Oklahoma, Jun 2: Residents of the US states of Oklahoma and Missouri were piecing their lives back together on Saturday after severe weather ravaged the area overnight.
At least nine people died in the Oklahoma City area following violent tornadoes and thunderstorms.
The state Medical Examiner's Office said nine fatalities have been confirmed, including two children.
Hospital officials said more than 100 people were hurt during storms on Friday night that hit at rush hour, trapping many people in their cars along Interstate 40.
National Weather Service meteorologists said it is unclear how many tornadoes touched down during the evening.
Dozens of tornado warnings were issued across the Midwest states, including Oklahoma and Missouri, as a large storm front moved through the region.
A four-year-old boy died after being swept into the Oklahoma River on the south side of Oklahoma City.
The boy and other family members had sought shelter in a drainage ditch.
More than 100 people were injured, most of those being punctures and lacerations from flying debris, emergency officials reported.
On Saturday, muddy floodwaters stood several feet deep in the countryside surrounding the Oklahoma City metro area.
Torrential downpours followed for hours after the twisters moved east, up to seven inches (17.5 centimetres) of rain in some parts, and the city's airport had water damage.
The Oklahoma County Sheriff's Office said the body of a man who disappeared from his vehicle early on Saturday near Harrah, east of Oklahoma City, was found later in a creek by deputies.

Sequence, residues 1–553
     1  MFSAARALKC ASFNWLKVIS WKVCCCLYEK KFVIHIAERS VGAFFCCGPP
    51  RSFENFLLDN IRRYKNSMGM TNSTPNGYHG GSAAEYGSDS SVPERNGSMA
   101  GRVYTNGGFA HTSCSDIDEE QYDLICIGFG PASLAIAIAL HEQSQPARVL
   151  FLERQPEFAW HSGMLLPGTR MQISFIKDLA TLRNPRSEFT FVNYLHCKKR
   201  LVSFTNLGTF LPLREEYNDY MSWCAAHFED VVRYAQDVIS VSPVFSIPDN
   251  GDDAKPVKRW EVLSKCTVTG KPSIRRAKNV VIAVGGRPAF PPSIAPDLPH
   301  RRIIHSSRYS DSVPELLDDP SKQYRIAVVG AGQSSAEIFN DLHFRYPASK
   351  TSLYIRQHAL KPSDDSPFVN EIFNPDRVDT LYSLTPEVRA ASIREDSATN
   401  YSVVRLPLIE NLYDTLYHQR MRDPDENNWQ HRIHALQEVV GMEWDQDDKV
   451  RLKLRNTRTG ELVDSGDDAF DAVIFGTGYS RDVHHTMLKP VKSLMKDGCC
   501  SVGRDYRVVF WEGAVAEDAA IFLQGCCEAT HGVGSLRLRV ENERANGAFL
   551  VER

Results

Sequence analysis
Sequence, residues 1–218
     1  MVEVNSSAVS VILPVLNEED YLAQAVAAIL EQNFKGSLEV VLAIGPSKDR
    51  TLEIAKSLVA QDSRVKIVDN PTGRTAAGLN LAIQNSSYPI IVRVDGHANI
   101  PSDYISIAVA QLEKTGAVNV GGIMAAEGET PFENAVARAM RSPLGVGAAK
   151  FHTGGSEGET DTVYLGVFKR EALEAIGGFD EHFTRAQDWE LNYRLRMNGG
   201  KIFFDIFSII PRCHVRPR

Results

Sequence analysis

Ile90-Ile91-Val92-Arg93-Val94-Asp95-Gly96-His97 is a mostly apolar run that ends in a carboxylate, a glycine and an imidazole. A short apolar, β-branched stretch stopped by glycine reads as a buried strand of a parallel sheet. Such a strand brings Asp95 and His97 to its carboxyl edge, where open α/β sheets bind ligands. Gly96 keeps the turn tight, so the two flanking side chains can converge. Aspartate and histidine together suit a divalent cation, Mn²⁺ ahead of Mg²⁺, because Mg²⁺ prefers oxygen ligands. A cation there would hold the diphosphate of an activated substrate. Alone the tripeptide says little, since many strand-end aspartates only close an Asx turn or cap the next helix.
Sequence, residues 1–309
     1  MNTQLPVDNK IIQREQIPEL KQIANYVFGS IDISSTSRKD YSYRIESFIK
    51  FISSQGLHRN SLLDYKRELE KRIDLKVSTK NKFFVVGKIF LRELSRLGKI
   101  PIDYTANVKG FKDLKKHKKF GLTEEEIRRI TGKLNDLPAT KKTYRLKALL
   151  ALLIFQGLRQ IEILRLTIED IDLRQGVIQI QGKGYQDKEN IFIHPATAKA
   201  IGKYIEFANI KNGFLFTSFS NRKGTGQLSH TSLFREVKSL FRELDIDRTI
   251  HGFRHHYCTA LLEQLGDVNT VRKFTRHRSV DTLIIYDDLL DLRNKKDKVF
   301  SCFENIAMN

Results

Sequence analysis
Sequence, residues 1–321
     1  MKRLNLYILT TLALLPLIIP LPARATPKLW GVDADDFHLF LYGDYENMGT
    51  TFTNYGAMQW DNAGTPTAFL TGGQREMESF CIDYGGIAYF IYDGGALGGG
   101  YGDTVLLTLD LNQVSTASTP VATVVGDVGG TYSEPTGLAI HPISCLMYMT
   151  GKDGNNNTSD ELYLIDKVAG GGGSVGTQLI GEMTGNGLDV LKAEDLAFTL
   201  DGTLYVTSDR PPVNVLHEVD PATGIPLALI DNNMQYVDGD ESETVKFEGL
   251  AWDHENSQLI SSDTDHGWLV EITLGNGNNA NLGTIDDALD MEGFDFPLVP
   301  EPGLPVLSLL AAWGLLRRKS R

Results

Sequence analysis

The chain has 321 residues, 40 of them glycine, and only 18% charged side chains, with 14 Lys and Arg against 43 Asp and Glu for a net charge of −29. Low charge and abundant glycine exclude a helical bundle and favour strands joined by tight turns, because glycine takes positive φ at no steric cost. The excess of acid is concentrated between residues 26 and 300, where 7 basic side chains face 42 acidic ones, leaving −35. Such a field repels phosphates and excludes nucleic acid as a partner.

Roadways around the area were crumbling because of high waters, especially near an intersection in northeastern Oklahoma City and in Canadian County south of Interstate 40 (I-40).
When the storm passed between El Reno and Yukon, it barrelled down I-40 for more than two miles, reducing billboards down to twisted metal frames.
The Oklahoma Corporation Commission reported more than 91,800 homes and businesses across the state remained without power on Saturday.
Oklahoma wasn't the only state to see violent weather on Friday night.
In Missouri, areas west of St. Louis received significant damage from a tornado that packed estimated winds of 150 miles per hour (240 kilometres per hour).
In St. Charles County, at least 71 homes were heavily damaged and 100 had slight to moderate damage.
Tens of thousands were without power, but only eight minor injuries were reported.